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At North Carolina State University forestry faculty members incorporate writing instruction in technical courses and provide team evaluations of student papers. Results include improved student attitudes and understanding concerning report writing, gains in stylistic and grammatical performance, and increasingly functional reports. Faculties who wish to improve student writing must consistently and frequently demand that students communicate their knowledge in realistic reporting situations, and must teach effective use of data and literature and encourage verbal precision and adaptation of style to audience.
Document Type: Journal Article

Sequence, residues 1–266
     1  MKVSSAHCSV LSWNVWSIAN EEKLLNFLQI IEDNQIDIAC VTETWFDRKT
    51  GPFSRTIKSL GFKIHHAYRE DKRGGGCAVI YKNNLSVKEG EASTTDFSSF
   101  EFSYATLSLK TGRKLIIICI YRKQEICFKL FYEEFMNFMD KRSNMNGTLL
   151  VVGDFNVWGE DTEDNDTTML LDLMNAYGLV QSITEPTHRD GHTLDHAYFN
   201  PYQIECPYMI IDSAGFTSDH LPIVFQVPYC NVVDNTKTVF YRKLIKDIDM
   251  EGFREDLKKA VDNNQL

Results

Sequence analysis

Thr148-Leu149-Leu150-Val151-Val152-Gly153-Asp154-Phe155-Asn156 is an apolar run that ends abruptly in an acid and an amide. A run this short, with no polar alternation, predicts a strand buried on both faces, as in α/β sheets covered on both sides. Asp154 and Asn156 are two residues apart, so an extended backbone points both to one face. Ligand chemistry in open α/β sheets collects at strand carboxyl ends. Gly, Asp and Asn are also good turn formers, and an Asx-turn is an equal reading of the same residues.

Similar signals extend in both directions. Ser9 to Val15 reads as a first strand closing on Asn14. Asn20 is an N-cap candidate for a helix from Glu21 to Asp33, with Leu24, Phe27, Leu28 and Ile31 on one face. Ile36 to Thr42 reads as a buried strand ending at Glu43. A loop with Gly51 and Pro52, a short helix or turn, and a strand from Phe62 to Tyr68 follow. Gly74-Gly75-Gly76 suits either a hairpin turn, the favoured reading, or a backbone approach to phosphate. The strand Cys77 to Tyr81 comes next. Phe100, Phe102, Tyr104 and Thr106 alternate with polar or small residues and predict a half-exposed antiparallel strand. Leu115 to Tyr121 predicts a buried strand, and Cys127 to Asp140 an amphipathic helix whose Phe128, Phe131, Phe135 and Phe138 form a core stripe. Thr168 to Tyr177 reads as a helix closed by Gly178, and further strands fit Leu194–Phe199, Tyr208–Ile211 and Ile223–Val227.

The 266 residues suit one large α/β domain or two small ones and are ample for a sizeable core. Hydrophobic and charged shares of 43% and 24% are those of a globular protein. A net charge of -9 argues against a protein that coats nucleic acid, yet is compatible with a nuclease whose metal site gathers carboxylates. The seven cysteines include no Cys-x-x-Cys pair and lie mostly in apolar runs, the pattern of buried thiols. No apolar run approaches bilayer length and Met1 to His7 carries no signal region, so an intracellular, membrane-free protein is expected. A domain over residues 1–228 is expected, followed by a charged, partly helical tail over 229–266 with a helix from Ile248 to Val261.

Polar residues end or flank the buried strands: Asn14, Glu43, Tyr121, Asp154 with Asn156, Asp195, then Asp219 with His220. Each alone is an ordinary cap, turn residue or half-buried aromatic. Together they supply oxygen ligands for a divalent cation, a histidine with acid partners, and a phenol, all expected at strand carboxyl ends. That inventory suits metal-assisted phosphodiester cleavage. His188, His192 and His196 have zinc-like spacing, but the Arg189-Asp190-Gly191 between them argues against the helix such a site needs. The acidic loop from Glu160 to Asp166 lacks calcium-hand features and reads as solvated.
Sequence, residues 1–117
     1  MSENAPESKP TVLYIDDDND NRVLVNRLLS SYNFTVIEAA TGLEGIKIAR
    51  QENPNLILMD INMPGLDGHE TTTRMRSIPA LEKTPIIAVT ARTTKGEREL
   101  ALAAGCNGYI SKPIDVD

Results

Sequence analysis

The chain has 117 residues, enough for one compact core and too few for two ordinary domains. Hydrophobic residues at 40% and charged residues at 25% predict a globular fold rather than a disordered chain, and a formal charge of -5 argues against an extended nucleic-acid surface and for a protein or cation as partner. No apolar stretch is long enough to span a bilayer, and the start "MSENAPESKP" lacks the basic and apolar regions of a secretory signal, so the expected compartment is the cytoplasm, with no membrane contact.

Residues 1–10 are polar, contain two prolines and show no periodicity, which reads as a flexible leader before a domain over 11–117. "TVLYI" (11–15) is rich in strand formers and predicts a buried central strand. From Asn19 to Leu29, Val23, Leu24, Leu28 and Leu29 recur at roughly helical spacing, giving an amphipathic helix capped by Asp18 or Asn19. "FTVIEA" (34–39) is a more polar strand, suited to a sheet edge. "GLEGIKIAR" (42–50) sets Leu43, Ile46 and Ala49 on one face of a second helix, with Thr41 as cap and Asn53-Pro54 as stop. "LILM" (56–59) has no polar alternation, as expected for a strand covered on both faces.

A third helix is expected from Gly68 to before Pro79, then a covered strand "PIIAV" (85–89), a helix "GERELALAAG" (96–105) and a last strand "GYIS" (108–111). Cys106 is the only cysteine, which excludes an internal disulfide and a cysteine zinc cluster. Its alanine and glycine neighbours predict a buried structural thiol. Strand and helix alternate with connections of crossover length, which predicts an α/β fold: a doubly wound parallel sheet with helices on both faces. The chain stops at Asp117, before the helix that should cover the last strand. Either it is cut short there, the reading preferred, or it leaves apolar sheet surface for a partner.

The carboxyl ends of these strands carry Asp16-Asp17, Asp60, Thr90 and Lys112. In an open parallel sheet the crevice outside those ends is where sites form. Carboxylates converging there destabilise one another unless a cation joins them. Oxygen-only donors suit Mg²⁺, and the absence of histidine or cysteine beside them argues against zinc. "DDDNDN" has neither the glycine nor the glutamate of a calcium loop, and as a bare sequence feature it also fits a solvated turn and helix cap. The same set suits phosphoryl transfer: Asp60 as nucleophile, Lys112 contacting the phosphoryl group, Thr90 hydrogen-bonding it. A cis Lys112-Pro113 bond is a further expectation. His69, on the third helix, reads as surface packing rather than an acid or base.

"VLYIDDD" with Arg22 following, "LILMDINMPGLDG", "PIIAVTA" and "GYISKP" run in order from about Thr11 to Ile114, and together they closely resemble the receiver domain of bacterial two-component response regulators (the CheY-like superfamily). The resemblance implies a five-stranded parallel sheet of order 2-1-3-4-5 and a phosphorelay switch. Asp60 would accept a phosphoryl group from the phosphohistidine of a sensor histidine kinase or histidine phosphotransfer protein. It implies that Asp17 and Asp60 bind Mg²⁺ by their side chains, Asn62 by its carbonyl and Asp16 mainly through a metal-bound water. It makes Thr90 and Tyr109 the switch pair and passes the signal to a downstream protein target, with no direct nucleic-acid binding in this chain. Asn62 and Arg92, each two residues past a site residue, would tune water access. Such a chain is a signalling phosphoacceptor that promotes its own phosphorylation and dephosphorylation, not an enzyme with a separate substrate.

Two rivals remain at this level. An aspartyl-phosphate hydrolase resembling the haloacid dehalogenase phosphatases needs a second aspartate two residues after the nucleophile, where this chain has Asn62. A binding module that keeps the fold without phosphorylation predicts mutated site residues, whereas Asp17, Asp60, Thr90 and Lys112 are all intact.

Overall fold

Teaches Technical Writing in the Department of Forestry at North Carolina State University, Raleigh 27650
Publication date: August 1, 1983
More about this publication?
The Journal of Forestry is the most widely circulated scholarly forestry journal in the world. In print since 1902, the Journal has received several national awards for excellence. The mission of the Journal of Forestry is to advance the profession of forestry by keeping forest management professionals informed about significant developments and ideas in the many facets of forestry: economics, education and communication, entomology and pathology, fire, forest ecology, geospatial technologies, history, international forestry, measurements, policy, recreation, silviculture, social sciences, soils and hydrology, urban and community forestry, utilization and engineering, and wildlife management. The Journal is published bimonthly: January, March, May, July, September, and November.